Sharon to obey party on Gaza Strip pullout
Beset by a bribery scandal, Prime Minister Ariel Sharon on Tuesday went before a gathering of his Likud Party to endorse a referendum among members on his Gaza Strip withdrawal proposal.
Sharon told the Likud convention in Tel Aviv he would abide by the results of the vote among the more than 200,000 members of the right-leaning party, whose leaders have been divided on the pullout.
"Accepting the democratic decision, as reached by the widest forum, is the right way to maintain unity within the Likud, also at times of difficult decisions," he said.
No date was set for the referendum, which was approved by delegates at the meeting earlier in the evening. But it is expected to follow Sharon's planned visit next month with President Bush in Washington.
Forensic experts agree president was shot
A team of U.S. forensic experts Tuesday cast doubt on the conspiracy theories swirling around the injury of Taiwan's president, saying the graze wound suffered by Chen Shui-bian a day before his re-election was consistent with a shooting.
"The examinations that we have conducted ... all lead us to the conclusion that President Chen sustained a gunshot wound of the abdomen," Cyril Wecht, the Allegheny County, Pa., coroner, told a news conference after visiting Chen.
"There is no question at all in our minds that the wound on President Chen's abdomen is what we call a grazing type of gunshot wound," said Wecht, who became famous for disputing the single-bullet theory in the assassination of President John F. Kennedy.
The loser in Taiwan's March 20 election, Lien Chan, and his supporters have suggested Chen was not the victim of an assassination attempt on the campaign trail but was involved in a political hoax designed to generate sympathy votes.
Miner blows self up
An angry miner with dynamite strapped to his chest blew himself up in Bolivia's congress Tuesday, killing two police officers and wounding 10 others, authorities said.
La Paz Police Chief Guido Arandia said the suicide bomber -- whose demand for early retirement benefits underscored the grievances of many low-paid miners in Bolivia -- stormed into congress around midday and went to a part of the building away from the congressional chambers.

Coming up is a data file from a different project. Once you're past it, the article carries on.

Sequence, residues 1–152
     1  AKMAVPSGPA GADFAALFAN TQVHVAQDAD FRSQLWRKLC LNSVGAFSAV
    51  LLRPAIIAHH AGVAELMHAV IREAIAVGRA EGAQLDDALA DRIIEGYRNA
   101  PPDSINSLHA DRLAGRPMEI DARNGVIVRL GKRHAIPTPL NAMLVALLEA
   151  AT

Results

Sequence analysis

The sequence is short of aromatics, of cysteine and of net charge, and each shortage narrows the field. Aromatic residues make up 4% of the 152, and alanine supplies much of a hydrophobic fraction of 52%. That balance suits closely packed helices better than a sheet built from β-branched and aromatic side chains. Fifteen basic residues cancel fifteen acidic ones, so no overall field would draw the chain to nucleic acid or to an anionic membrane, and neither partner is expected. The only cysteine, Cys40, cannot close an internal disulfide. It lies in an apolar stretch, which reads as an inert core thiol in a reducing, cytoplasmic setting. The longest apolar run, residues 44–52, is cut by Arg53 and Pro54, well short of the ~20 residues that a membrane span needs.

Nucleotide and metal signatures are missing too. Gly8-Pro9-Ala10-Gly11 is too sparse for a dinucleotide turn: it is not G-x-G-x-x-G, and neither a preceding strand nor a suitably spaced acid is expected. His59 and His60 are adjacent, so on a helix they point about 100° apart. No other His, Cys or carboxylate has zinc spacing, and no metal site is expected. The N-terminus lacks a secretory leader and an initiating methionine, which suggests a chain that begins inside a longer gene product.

The miner detonated his vest laced with at least five sticks of dynamite as congressional security police tried to negotiate. Arandia said the miner killed himself and fatally wounded Col. Marbel Flores, head of the congressional security police, and an officer who wasn't immediately identified. Col. Carlos Za, head of the country's intelligence service, was critically injured.
Arandia said there was no doubt the man had intentionally blew himself.
Police had evacuated congress earlier Tuesday after receiving reports that disgruntled miners planned to force their way into the building. Police had no immediate report on whether the bomber was acting alone or with others.
The bombing comes with thousands of Bolivian miners out of work.
Political leader resigns amid corruption scandal
Cuauhtemoc Cardenas, who created Mexico's Democratic Revolutionary Party 15 years ago, has resigned from the party's leadership amid a brewing bribery scandal involving close aides to the party's leading presidential candidate.
Cardenas, 69, said he would remain a member of the party but wouldn't take any party posts. At a news conference late Monday, he fumed that the party had been "kidnapped by parasitic forces."
"There's a confrontation with those who promote sectarian policies, are developing a parasitical democracy and who may be involved in corruption," he said.
Cardenas' resignation caused a commotion in Mexico's political arena, which is fast filling with aspirants to succeed President Vicente Fox in 2006.
The leading contender to replace Fox is Mexico City Mayor Andres Manuel Lopez Obrador, a member of Cardenas' party. But Lopez Obrador's standing has been challenged by videotapes of aides accepting cash from business executives.